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September 2011    Download the Entire Issue (PDF) Available to the Public Vol. 26, No. 9   RSS Feed for Undercurrent Issues
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More Mean Fish

from the September, 2011 issue of Undercurrent   Subscribe Now

When we asked subscribers what they thought the meanest fish in the oceans was for an article in our July issue, we got an onslaught of responses that overwhelmingly favored the Titan triggerfish. But there were a few others that readers ranked as equally dangerous.

While diving in Moorea, Eve Ringel (Lambertville, NJ) was bitten not once but twice by a Picasso triggerfish, a lovely "painted version" but just as territorial as the Titan during nesting time.

Robert Levine (Englishtown, NJ) says triggerfish in the Atlantic Ocean, which summer at the New Jersey shore while waters are warm, are "a fighting fish with tough skin, like rough sandpaper and very thick. Their tough little teeth only want to bite you and your wetsuit (I know, I felt it). You have to also watch out for the two little barbs and one big one on top of their backs that are protection against other fish -- they will put a good-sized rip in your finger or hand." But Levine says the fish is great eating. "Pure white meat, no fat. Grilll, steam, bake or broil it."

Joe Kristel (Jacksonville, FL) says his section of the Florida coast has a type of triggerfish that is relatively docile, but when he and another diver were doing a survey of an artificial reef, "we were surrounded by hundreds of these guys in low visibility and getting attacked nonstop." You can see a video of Kristel's dive (and get an interesting look at artificial reef building) at www.tisiri.org/st-augustine-andy-king-reef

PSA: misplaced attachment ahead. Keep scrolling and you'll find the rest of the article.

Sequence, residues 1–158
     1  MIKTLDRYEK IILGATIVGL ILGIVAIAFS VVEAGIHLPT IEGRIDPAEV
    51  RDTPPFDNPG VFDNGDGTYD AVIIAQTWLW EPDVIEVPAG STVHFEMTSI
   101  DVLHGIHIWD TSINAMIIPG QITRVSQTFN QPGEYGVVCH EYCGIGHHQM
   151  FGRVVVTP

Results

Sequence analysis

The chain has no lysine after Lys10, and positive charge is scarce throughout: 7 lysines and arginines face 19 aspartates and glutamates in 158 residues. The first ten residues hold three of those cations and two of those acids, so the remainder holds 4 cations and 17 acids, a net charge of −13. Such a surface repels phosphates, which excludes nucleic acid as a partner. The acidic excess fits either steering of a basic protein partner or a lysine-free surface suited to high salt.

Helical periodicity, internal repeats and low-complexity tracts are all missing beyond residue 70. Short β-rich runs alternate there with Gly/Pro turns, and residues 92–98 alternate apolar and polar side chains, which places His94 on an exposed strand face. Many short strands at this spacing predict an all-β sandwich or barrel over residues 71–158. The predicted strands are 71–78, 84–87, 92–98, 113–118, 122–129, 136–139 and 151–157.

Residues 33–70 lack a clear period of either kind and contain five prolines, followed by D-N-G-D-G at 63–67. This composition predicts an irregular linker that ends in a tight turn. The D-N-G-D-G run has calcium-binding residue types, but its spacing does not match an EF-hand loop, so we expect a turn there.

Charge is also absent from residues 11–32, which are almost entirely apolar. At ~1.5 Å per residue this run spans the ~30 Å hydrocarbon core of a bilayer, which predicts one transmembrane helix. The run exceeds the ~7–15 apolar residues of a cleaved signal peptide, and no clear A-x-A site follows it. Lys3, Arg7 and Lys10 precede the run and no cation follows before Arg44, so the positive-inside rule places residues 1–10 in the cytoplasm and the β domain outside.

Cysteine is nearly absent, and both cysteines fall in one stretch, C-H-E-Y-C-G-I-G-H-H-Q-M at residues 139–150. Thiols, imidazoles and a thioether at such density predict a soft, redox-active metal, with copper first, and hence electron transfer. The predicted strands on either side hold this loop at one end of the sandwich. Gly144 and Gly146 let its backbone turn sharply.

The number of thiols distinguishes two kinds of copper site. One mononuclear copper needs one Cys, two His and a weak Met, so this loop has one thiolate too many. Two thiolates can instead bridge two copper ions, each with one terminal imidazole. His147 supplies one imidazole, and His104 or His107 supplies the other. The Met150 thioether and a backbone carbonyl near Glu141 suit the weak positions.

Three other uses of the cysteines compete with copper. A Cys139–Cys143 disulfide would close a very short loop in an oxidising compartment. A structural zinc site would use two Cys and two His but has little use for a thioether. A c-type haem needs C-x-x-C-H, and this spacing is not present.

James Mandelbaum (Redondo Beach, CA) says the standard pufferfish is far more aggressive than the Titan triggerfish. "You can find them almost anywhere in the world, and they're known to nip at fingers, gear and anything else they can get their 'beaks' on. In fact, I lost one of my earlobes to a pufferfish."

Fish guarding their eggs are generally more aggressive, as Carolyn Kehrein (Woodland, CA) found out. "I was bit by a butterflyfish, as I must have been inadvertently hovering near its eggs. When this small, cute fish swam up to me and bit me, I couldn't stop laughing, especially when it kept posturing. I didn't realize there was a wound until I took my glove off on the boat and saw blood coming from my finger. The little fish drew blood through my leather glove! It wasn't a large wound, but it took a while to heal."

Dave Hollabaugh (Fulton, MO) says even little remoras can wreak some havoc. When diving the Panther wreck off of Bahamas' Cat Cay, one of them gave his wife, Elaine, a hickey on her neck. "She was not very pleased with this, and even less pleased with me as I took photos rather than help her disperse the pesky remoras."

And if you're planning to enter the water in the U.K., beware of the weever. The Daily Mail reports that 1,000 vacationers have been stung this summer by that country's most poisonous fish. Government scientists have found that weever numbers are on the increase around the southwestern coast. It's easy to step on the weever, which buries itself in sand during the day, and get the poisonous spines on their dorsal fins and gills stuck in your feet. Lifeguard stations now keep kettles constantly boiling to treat the stings with hot water.

If you want to read how a pufferfish severed a diver's finger or scores of other fascinating tales about diving, order There's a Cockroach in my Regulator, 240 pages of fascinating and weird tales from past Undercurrent issues, going back 35 years. It's a real page turner. Order at Undercurrent

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